Everything’s been ‘Halloweenised’ and Guy Fawkes is pumpkin pie. Not a very good one, either. The Cinderella’s carriage-sized calabazas they sell in my local supermarket to turn into lanterns are so woody, my homemade pumpkin soup gave me splinters last year.
Right now, on the Costa, ex-pat Mums and Spanish mamas are knitting/sewing/welding together ghoul and zombie costumes and sending their kids out to bully the neighbours, quaintly known as trick-or-treating.
Times change. When you’ve watched the Olympics firework display on widescreen TV, who wants to shiver around a bonfire in the back garden striking matches at a damp catherine wheel nailed to the garden fence, which is how we always celebrated Guy Fawkes Night, a long time ago.
Most readers will be too young to ‘remember the fifth of November, gunpowder, treason and plot’. Today it’s all about October 31, vampires, witches and fake blood capsules – in America, Europe, Spain and even in Britain itself, where burning a Catholic on a bonfire has become very un-PC, even if the guy did try to blow up the king and parliament in a premeditated act of terrorism.
Although there are some who say Guy Fawkes was ‘the last man to enter Parliament with honest intentions’. That was in 1605.
My kid brother saved his pocket money for weeks to buy firecrackers to let off in the school playground. Today the sale of over-the-counter explosives to under-18s is a crime, letting them off on the lawn is a Health & Safety issue and Social Services would not be edified to see young children roaming the streets begging, even if it is just for pennies.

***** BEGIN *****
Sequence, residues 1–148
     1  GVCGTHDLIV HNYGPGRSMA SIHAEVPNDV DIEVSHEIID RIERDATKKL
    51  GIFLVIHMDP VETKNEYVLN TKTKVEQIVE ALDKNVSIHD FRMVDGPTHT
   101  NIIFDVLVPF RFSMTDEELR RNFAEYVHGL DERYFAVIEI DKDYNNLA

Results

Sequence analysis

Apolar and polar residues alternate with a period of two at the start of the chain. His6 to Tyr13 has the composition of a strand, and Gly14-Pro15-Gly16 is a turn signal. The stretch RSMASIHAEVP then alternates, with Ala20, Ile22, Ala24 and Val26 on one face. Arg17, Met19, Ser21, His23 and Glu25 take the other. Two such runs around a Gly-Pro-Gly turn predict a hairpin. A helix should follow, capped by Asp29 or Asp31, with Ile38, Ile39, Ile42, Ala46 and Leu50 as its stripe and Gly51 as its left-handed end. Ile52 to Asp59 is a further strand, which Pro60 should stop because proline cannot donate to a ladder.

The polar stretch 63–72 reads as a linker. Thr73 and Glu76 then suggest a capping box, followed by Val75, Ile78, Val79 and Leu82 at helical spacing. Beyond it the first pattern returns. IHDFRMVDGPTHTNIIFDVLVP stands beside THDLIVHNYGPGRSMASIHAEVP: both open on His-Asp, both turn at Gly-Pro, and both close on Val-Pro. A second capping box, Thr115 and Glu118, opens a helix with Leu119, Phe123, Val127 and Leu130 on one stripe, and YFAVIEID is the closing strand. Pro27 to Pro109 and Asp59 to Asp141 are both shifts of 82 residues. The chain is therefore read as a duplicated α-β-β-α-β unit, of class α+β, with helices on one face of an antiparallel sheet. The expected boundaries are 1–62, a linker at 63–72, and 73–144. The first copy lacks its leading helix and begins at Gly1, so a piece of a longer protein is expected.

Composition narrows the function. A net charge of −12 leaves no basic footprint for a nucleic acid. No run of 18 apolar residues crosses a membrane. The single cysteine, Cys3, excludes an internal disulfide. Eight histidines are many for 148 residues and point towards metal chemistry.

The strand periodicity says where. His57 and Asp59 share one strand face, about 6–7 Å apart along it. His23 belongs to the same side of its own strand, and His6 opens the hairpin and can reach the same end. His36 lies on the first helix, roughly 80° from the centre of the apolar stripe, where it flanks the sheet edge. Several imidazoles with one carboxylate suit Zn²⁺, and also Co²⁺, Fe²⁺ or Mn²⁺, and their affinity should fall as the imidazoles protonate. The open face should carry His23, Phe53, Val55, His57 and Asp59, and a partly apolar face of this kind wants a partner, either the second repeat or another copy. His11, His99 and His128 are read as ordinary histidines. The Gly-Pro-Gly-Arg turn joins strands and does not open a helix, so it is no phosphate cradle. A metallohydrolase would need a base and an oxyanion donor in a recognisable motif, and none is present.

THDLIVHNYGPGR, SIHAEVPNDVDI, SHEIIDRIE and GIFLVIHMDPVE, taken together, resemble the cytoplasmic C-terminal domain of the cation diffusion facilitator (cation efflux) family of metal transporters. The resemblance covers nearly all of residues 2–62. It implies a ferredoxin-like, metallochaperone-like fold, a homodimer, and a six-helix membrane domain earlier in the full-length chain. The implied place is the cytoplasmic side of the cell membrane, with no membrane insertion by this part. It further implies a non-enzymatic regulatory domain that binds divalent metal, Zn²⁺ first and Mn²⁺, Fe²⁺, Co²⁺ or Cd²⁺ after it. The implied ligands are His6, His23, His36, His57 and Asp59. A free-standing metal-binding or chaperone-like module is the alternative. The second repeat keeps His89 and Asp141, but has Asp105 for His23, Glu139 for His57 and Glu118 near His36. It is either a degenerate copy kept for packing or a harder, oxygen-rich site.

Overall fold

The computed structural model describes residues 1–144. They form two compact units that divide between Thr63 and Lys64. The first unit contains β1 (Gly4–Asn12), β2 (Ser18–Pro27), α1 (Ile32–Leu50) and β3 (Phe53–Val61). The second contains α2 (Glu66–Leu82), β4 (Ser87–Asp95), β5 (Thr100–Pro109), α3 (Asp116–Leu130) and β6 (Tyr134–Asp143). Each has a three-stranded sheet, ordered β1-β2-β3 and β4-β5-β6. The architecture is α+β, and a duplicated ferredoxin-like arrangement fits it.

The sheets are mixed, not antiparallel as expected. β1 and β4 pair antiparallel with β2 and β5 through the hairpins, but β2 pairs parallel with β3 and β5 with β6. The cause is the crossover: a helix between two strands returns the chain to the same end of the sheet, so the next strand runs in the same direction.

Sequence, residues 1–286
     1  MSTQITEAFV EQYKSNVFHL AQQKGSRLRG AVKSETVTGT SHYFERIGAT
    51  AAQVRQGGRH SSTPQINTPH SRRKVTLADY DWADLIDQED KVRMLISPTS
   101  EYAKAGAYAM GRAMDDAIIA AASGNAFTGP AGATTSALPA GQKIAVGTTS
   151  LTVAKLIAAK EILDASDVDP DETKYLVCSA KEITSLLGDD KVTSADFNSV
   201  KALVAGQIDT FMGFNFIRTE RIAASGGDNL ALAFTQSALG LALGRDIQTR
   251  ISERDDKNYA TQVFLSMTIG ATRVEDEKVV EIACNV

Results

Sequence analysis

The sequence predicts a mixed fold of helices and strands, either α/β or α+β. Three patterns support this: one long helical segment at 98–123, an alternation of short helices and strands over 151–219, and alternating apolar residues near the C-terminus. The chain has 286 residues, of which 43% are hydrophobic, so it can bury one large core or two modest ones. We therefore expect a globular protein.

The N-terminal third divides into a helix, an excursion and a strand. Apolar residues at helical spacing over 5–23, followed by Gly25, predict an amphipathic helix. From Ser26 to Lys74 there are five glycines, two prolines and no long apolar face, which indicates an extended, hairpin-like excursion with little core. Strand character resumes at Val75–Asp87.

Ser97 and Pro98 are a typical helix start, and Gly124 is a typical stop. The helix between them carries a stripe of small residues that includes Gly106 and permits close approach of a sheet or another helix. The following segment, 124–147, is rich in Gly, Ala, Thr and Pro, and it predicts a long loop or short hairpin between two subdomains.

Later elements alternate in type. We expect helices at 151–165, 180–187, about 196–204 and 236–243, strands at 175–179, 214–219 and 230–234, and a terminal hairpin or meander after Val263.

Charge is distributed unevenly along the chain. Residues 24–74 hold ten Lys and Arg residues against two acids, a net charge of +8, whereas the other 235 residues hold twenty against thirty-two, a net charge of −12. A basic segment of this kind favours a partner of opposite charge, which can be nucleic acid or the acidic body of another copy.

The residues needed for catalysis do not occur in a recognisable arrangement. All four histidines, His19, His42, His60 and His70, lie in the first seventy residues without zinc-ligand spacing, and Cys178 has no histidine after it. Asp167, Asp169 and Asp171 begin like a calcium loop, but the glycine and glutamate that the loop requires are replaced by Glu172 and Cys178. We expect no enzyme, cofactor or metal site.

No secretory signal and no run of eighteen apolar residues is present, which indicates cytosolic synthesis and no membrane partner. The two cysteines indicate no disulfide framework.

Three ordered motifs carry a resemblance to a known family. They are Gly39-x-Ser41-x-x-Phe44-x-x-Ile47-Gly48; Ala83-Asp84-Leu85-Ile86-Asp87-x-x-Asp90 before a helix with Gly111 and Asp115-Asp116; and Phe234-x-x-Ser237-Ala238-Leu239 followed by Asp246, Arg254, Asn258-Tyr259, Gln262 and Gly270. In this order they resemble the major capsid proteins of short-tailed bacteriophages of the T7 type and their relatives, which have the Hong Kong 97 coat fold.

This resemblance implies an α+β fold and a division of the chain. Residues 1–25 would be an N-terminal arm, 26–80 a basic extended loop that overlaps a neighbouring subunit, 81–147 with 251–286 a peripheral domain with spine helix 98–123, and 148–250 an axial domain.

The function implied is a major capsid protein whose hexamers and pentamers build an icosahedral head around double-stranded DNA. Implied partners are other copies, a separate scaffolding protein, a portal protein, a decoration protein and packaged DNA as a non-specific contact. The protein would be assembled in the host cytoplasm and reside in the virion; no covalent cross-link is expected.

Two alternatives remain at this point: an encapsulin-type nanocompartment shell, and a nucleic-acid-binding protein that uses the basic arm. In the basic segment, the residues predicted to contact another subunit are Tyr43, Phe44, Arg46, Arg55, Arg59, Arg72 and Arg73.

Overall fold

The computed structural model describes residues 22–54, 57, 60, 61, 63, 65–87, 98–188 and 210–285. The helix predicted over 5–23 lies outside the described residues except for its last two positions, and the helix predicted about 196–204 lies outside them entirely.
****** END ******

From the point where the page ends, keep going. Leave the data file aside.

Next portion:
Besides, there are so many more merchandising opportunities with Halloween.
We made our guys from old pyjamas stuffed with newspapers, a balloon and grandad’s old Trilby hat, which did nothing for the GDP. Today Americans spend a spooky $7 billion on Halloween costumes and candies while, in the UK, October 31 makes Bonfire Night look like a damp squib and even out-retails Valentine’s Day, which says a lot about all you guys of the human variety.
Here in Spain, most of the locals have never heard of ‘Ghee Forkeys’, although they damned well ought to have, considering he fought for their country during the Eighty Years War. It was the Spanish who taught him how to use explosives in the first place!
The Spanish didn’t know about Halloween either, for centuries, although they have their own public holiday the day after. November 1st is All Saints Day, when Spanish families light candles and leave fresh flowers on the graves of their loved ones. November 2 is All Soul’s Day, or the Day of the Dead, not a public holiday in Spain, although it is in Mexico.
It didn’t take the fiesta-loving Spanish long to realise they could make a three-day puente of it. Besides, Halloween ghouls and ghosts one day, deceased relatives and graveyards the next … it kind of works.
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